Every now and then, I have fresh cause to celebrate the Kaufman Field Guide to Insects of North America, surely one of the most dog-eared of a collection of dog-eared field guides.
Moving the garden cart in the garage, I noticed something scurrying, which reminded me of a silverfish, but wasn't quite right. It was a Jumping Bristletail, which has been moved from the silverfish (order Thysanura) to the order Microcoryphia. They're forest-floor denizens, and they have a beautiful coppery sheen and three cool-looking tails. To me, they look like something that might have crawled the Permian sea floor. In fact, they appeared in the Devonian period along with the arachnids, and are among the least-changed of all insects. With simple chewing mouthparts, they feed on algae, mosses and lichens.
I particularly like this passage from Wikipedia:
During courtship, the males spin a thread from their abdomen, attach one end to the substrate, and string packages of sperm (spermatophores) along it. After a series of courtship dances, the female picks up the spermatophores and places them on her ovipositor. The female then lays a batch of around 30 eggs in a suitable crevice. The young resemble the adults, and take up to two years to reach sexual maturity. Unlike most insects, the adults continue to moult after reaching adulthood, and typically mate once at each instar. Archaeognaths may have a total lifespan of up to four years, longer than many larger insects.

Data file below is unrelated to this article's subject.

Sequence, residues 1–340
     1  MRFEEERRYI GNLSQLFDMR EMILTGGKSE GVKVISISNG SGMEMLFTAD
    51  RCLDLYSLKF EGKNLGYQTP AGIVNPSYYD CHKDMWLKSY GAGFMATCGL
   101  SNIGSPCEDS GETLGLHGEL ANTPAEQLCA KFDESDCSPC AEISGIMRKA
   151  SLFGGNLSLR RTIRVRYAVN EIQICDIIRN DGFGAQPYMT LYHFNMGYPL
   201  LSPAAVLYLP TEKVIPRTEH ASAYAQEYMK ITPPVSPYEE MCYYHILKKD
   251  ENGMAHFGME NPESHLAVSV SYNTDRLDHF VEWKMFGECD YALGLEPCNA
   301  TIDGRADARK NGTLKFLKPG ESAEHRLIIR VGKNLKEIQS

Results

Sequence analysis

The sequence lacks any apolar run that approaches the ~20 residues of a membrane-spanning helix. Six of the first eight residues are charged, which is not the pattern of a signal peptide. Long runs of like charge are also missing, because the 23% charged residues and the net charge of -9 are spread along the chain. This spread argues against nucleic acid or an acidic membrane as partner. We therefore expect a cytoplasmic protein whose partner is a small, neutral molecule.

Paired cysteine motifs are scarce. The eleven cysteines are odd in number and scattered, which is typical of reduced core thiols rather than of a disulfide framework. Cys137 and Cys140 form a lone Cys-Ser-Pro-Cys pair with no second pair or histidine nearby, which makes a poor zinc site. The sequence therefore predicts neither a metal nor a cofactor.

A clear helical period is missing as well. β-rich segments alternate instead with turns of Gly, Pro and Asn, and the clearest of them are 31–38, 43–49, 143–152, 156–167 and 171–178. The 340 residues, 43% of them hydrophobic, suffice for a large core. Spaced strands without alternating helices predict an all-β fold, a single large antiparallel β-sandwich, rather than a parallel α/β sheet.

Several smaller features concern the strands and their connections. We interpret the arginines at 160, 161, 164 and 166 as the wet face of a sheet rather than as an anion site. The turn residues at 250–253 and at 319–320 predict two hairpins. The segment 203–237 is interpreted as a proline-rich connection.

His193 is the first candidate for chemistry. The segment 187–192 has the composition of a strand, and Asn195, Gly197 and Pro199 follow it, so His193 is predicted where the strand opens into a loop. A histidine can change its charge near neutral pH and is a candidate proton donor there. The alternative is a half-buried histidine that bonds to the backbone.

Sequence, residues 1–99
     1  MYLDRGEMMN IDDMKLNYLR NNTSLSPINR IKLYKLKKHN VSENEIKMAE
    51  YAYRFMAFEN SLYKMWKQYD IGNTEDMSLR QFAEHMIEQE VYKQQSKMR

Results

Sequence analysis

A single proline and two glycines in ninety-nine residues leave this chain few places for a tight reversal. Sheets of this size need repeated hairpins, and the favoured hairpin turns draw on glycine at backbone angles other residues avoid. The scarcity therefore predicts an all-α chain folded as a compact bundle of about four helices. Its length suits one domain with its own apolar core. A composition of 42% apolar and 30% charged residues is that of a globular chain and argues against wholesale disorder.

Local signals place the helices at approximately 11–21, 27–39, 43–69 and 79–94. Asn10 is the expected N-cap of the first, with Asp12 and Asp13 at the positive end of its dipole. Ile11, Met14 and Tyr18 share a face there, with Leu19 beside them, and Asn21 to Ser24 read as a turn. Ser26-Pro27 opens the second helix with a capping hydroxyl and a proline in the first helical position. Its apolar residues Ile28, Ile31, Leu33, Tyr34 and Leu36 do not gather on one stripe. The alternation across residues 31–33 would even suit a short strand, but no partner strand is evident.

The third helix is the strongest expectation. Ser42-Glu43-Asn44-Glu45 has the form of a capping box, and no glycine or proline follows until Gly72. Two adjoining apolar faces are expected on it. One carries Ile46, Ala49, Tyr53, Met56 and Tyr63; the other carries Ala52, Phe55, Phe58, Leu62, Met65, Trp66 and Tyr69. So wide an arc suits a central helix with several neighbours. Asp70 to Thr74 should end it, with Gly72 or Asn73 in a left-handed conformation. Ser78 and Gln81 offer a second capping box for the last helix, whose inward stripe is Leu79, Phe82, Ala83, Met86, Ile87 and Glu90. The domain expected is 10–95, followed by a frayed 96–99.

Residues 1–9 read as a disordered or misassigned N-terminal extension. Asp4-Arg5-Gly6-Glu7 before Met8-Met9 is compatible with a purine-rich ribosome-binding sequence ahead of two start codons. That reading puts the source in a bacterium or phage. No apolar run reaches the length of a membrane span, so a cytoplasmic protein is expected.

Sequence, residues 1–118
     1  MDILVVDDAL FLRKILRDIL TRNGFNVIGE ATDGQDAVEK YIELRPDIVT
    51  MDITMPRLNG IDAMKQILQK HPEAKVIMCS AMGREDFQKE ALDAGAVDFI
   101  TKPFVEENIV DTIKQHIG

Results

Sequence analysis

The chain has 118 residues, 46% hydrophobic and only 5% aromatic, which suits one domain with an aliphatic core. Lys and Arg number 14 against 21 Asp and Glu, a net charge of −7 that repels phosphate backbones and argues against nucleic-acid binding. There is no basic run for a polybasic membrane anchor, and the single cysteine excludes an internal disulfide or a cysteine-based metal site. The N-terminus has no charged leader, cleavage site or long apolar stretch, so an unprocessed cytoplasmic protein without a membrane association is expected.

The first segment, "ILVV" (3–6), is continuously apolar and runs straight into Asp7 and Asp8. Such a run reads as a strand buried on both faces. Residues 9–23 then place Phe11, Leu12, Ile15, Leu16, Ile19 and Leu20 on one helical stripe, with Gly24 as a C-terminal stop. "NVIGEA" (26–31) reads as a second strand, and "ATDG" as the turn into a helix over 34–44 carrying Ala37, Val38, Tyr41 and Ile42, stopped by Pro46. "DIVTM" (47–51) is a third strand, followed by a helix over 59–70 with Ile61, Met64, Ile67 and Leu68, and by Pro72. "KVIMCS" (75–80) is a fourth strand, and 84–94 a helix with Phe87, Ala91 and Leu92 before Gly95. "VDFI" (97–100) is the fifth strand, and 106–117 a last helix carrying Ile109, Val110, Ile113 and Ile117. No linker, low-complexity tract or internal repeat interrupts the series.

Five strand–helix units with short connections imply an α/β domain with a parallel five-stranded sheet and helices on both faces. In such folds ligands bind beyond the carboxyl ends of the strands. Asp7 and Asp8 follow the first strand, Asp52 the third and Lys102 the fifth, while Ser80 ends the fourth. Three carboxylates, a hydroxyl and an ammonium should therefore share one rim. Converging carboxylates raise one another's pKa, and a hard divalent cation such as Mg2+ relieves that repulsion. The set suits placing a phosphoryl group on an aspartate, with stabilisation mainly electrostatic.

What is it about me and odd, long-lived insects? I'm attracted to the primitive, the odd, the venerable. I like knowing that this tiny creature can live up to four years, while much larger and more spectacular insects like the luna moth may croak a week after metamorphosis. (Ah, but the Science Chimp urges that we remember that the luna has had a nice long summer of caterpillar and a winter of pupa under its belt before it takes wing to mate and die).
I kept at it, though, and finally got a couple of decent shots of live rockrunners, as I named them (needing to name them something!)
I was elated to discover thin threadlike antennae in this photo, which might help in tracking down an identity. To judge how very tiny this thing is, those are sand grains in the sandstone...
I tried to catch some, hoping to put them in the fridge for awhile and cool them down enough to get some good macro shots. Well, I accidentally killed one in gently clapping my hand over it.
Tiny. Why do I care? Because I have to know what it is, and I don't mind waiting years to find out.
At last, I could see something of its structure.
And though I'd never seen one fly, it had wings! Nice big wings!
"The introduced population is apparently all-female."
Which means that they're all clones, reproducing through parthenogenesis.